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Soldier launching UAV  (Source: Sgt. 1st Class Michael Guillory, U.S. Army)
Robots with ethics could one day be used on the battlefield

The United States military continues to invest heavily into robotic technology, as the newer generations of robot-based soldiers will be programmed to understand battlefield ethics.

According to an article in the Army Times, the so-called 'ethical robots' would follow international laws.  Ronald Arkin, from the Mobile Robot Laboratory at the Georgia Institute of Technology, wrote a book to discuss the future of robotics.

In "Governing Lethal Behavior in Autonomous Robots," Arkin claims robotics, if programmed correctly, have numerous advantages over human ground troops.  Robots are emotionless , expendable, and can be customized for specific missions.  

It's possible the robots could be taught remorse, compassion and guilt, but exact senses the robots would be programmed with are still unknown.  Furthermore, depending on the determined level of guilt, and the mission being carried out, the firepower and effectiveness of weapons used will change.

The robots could also be used to monitor soldiers to ensure international treaties are being followed by U.S. and coalition ground troops.  Although many soldiers don't want to be monitored in such an intrusive manner, several high-profile cases of abuse and murder have further blemished the military's image among locals in Iraq.  

If funding is properly allocated for the research, it could be available in 10 to 20 years.  As the U.S. continues to fight wars using enhanced technology, unmanned aerial vehicles (UAVs) and other unmanned resources have become popular alternatives to launching manned missions -- and is expected to further increase in the future.



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RE: Are They Hacker Proof?
By Shadowself on 12/30/2009 9:54:43 AM , Rating: 2
First, many of the fielded systems are as much as 15 years old. UAVs have been in use much longer than most people think. The older systems do, indeed, have unencrypted links.

Second, there has been a strong push for the past two to three years to update the systems to support encrypted links. It takes time to retrofit all the fielded systems. It's NOT just the airborne platforms (which number in the many hundreds) but also all the ground systems (which number at well over 10,000). Encrypting the link from the airborne (transmission) side is useless if the ground teams don't have the ability to decrypt it.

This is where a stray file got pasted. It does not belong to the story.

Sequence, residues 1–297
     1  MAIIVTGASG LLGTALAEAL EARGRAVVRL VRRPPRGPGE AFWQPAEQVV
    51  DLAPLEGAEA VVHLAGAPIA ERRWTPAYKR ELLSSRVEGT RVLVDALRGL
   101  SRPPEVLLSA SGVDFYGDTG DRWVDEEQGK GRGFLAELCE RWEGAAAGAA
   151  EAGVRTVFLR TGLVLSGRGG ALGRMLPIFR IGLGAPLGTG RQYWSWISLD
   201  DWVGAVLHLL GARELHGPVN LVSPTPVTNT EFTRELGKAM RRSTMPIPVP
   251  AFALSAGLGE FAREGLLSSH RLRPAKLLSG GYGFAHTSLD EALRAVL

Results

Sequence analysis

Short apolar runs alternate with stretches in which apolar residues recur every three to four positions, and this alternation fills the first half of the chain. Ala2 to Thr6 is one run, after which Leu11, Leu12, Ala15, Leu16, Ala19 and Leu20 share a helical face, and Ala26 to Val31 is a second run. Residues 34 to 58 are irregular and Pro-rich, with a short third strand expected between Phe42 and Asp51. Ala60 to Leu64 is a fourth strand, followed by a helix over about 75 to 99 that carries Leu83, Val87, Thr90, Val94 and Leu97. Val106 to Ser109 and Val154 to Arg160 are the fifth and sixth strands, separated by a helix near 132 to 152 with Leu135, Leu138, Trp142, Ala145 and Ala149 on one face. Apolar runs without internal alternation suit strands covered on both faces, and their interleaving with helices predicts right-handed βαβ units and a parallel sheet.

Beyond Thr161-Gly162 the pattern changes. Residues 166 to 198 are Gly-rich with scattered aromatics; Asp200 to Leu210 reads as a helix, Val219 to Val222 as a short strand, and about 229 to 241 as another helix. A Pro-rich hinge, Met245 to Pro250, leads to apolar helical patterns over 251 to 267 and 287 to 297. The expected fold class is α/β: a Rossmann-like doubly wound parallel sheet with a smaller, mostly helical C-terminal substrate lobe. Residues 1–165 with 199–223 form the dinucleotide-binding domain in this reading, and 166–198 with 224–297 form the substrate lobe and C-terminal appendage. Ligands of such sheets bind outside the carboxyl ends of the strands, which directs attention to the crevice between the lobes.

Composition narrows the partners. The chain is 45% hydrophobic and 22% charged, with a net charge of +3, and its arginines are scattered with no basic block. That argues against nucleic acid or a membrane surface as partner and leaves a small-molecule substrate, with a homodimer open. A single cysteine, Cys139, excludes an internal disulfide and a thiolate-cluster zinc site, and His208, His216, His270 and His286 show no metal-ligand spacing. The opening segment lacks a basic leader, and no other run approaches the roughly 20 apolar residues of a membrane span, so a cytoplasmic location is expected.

Third, there are the coalition forces that have to receive the data too. So you have to get them to upgrade their systems. This takes additional time -- either that or the U.S. expends the personnel and money to have their own people and hardware/software included with every small unit of any coalition team.

Fourth, for most platforms the video stream that is the topic of this discussion is never on for the full mission. For most platforms the imagery stream used to fly the systems is not the same as the imagery stream for identifying targets. In many systems an imagery stream is not necessary at all in order to fly the system. Thus the imagery stream is not going to point out where our forces are at the landing site (and in many cases the takeoff/landing site is not even in the same country as the operational zone).

Finally, as you are probably aware, there are many different levels of encryption -- some open to the public (e.g., Blowfish, DES, 3DES, AES) and others kept close by such agencies as the DOD, CIA and NSA, which are not available to the public. Which of these codes do you wan to use? Do you want to give the closely held encryption/decryption technologies to all coalition forces/governments? Or do you want to just give the "public" ones -- knowing that virtually all the "public" ones will eventually be hacked and useless thus again exposing the troops just as if they were never encrypted in the first place (or worse since we may not be aware they've been hacked).

When dealing with encryption/decryption on this scale it is never as easy as clicking the on screen button in WinZip or PowerArchiver. I've just scratched the surface of all the issues here.


"And boy have we patented it!" -- Steve Jobs, Macworld 2007

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